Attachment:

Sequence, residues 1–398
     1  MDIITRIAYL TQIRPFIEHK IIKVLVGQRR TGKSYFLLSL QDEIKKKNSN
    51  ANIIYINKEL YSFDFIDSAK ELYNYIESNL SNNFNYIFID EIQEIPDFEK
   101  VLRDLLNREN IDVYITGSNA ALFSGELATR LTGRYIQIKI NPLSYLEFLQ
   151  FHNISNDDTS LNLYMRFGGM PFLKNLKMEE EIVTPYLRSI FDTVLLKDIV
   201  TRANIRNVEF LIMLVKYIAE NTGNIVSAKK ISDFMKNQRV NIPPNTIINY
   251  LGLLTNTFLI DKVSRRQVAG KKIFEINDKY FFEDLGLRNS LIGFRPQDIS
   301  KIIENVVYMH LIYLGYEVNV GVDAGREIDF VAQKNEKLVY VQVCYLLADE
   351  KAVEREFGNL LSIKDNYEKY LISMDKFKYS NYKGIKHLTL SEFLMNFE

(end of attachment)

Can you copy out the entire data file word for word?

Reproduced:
Sequence, residues 1–398
     1  MDIITRIAYL TQIRPFIEHK IIKVLVGQRR TGKSYFLLSL QDEIKKKNSN
    51  ANIIYINKEL YSFDFIDSAK ELYNYIESNL SNNFNYIFID EIQEIPDFEK
   101  VLRDLLNREN IDVYITGSNA ALFSGELATR LTGRYIQIKI NPLSYLEFLQ
   151  FHNISNDDTS LNLYMRFGGM PFLKNLKMEE EIVTPYLRSI FDTVLLKDIV
   201  TRANIRNVEF LIMLVKYIAE NTGNIVSAKK ISDFMKNQRV NIPPNTIINY
   251  LGLLTNTFLI DKVSRRQVAG KKIFEINDKY FFEDLGLRNS LIGFRPQDIS
   301  KIIENVVYMH LIYLGYEVNV GVDAGREIDF VAQKNEKLVY VQVCYLLADE
   351  KAVEREFGNL LSIKDNYEKY LISMDKFKYS NYKGIKHLTL SEFLMNFE